...There is a Crack in Everything
12 Nov 2011 - 03 Mar 2012
12 November - 22 December, 2011 (extended until March 3, 2012)
On Friday, November 11, 2011 from 6 to 9 p.m., Galerie Michael Janssen will be presenting ...THERE IS A CRACK IN EVERYTHING, a group exhibition with sculptures and objects by artists whose practices refer to, expand or go beyond the conventional notion of sculpture and its parameters. On view are works by Vanessa Billy, Valentin Carron, Liz Larner, Dan Peterman and Joris Van de Moortel.
Viewers customarily use volume, density and mass to make their initial judgments about what an object or sculpture might be and where it is situated; both in a space and in terms of their relationship to it. The works on display in the exhibition cut against these expectations and are hard to read at first glance. Unexpected color and material destabilize our sense of volume. Some of the works are spectacular and raucous, directly involving visitors while others are characterized more by quietness and conceptual acuity. In one way or another though they all are concerned with poetic transformations, with the ‘actio et reactio’ of elements, with circular processes without beginning or end, with potentials of threat, with improvised spectacles, with meditative deformations and with criticism of the consumer society – thus reflecting essentials of our current sensibilities and day-to-day world.
Vanessa Billy’s (*1978) practice is based on material-specific and formal considerations. Inter-related elements become the most important organizational principle in her artistic method. Found objects are the starting point and catalyst in her explorations. She responds to what she encounters by analyzing the reactions between different materials. In her collages, sculptures and installations Billy questions our viewing habits and our relationship with the exhibition architecture.
Valentin Carron (*1977) works across sculpture, painting and installation. In his work Carron questions the current meaning of central traditions of contemporary art making such as appropriation and reproduction. By choosing forms that have mostly lost their original meaning, his works are deliberately ambivalent commentaries on how objects are used and misused in their employment for individual or collective intensions, constructions or political contexts.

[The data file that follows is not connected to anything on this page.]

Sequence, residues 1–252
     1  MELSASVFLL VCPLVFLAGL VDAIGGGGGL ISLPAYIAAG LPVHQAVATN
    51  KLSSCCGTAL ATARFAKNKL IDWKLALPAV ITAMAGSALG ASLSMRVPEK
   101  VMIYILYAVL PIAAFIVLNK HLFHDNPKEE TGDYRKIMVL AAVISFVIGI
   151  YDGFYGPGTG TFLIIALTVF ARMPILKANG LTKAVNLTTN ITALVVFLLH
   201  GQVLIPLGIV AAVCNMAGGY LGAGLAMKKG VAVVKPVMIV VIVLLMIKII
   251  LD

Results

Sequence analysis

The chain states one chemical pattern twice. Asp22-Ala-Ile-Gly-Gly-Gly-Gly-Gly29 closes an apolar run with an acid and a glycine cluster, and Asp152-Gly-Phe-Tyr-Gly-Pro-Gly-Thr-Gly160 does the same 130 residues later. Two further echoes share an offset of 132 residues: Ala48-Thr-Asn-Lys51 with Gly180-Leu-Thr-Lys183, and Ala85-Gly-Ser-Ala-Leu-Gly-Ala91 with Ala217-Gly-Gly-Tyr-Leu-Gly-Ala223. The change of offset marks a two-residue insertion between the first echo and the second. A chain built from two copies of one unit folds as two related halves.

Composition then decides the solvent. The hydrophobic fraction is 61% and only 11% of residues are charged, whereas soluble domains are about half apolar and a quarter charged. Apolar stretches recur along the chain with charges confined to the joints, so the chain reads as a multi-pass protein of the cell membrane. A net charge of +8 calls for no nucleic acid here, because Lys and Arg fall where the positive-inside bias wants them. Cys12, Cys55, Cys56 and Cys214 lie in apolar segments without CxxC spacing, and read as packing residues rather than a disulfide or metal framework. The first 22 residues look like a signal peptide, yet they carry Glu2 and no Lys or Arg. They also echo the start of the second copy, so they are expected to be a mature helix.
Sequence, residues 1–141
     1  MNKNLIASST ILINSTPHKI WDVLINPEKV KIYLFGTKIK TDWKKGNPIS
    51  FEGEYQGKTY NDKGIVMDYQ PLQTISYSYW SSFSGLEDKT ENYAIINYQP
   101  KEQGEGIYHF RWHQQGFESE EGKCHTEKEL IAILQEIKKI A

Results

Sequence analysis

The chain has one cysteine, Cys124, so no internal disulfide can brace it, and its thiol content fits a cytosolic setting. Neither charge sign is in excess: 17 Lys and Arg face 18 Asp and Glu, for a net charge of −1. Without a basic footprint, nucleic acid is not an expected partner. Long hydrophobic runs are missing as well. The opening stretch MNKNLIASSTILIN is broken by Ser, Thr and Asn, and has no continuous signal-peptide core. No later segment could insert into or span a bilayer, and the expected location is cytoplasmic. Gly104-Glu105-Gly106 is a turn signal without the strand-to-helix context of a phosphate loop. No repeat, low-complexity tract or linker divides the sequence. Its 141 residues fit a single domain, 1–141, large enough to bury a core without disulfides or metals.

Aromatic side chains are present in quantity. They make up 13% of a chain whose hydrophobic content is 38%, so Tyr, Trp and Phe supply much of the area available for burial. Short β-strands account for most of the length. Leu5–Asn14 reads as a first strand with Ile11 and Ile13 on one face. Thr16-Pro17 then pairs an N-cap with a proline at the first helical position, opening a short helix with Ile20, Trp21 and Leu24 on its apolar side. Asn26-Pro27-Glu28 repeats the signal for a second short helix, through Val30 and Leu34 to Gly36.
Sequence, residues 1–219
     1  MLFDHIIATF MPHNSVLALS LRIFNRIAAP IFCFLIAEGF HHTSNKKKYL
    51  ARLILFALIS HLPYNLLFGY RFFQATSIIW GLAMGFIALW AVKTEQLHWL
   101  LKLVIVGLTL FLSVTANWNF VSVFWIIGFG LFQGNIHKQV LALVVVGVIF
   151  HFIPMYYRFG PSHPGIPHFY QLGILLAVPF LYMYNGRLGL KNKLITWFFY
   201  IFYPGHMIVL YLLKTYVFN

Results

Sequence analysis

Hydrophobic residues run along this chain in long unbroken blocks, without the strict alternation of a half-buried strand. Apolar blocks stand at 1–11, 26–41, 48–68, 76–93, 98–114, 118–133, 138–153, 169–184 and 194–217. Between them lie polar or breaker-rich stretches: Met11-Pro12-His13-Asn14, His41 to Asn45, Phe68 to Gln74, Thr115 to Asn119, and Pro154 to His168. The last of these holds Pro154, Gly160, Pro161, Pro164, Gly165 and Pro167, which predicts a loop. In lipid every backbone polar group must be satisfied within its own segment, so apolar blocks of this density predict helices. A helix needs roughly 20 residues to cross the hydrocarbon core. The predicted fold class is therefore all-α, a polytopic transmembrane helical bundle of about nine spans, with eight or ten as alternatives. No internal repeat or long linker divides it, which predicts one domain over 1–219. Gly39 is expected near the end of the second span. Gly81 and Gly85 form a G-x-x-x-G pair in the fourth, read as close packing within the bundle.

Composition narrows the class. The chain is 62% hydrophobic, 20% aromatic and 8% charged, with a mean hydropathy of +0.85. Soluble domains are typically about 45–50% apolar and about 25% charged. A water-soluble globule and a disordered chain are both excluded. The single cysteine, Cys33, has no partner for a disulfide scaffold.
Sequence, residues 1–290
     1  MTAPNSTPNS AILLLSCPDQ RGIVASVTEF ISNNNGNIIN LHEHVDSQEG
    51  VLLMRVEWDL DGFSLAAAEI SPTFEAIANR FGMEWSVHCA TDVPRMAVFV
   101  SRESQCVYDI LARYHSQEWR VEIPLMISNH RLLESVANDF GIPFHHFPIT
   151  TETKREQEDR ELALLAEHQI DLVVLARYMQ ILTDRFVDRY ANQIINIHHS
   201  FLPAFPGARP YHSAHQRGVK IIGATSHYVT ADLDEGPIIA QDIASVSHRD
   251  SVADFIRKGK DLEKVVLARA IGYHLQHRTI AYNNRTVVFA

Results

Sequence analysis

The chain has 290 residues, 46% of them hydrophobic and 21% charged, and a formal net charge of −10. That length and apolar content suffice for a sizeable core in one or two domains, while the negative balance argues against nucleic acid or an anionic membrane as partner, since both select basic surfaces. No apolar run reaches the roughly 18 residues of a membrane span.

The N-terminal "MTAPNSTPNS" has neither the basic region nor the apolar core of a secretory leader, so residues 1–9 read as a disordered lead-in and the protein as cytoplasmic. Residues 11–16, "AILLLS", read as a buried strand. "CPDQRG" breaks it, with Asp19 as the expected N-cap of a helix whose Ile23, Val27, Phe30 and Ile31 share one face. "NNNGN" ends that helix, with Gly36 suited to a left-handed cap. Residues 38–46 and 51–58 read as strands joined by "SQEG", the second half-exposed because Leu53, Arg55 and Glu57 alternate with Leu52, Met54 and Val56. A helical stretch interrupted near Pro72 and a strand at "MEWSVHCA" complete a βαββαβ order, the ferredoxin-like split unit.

Liz Larner’s (*1960) purchase on sculpture stems from an unrelenting commitment to question the norms of the medium. She uses unexpected combinations of color, materials and form to intensify reception through the illusion inherent in material ambiguity; a testament of her manipulation of space. Innovating the way in which they are both spatially inhabited and conceptually understood her sculptures provide a bodily and visceral examination of the border between decadence and decay, which in turn registers as complicity among viewers. Her works render three-dimensional space as elastic and seem suspended in between order and chaos.
Dan Peterman’s (*1960) sculpture work and installed environments are focused on a consistent movement and transformation of materials. By manipulating existing objects and re-processing plastic, aluminum cans and flammable garbage, he explores a variety of formal and situational strategies that reveal the interrelated social, economic and political effects of our generation of waste. Compiled bits of consumer waste become traces of the endless human desire for new commercial offerings.
Joris Van de Moortel’s (*1983) practice and work consist of a complex web of ideas and references with a process-related and performative approach. It combines different disciplines and is characterized by a radical deployment of material in which predicted chance or “planned accidents” play a central role. His practice disrupts all expectations of what sculpture can be and plays with notions of referentiality. Similar to Marcel Broodthaers, Van de Moortel uses found or discarded material in order to create new objects and meaning from existing things.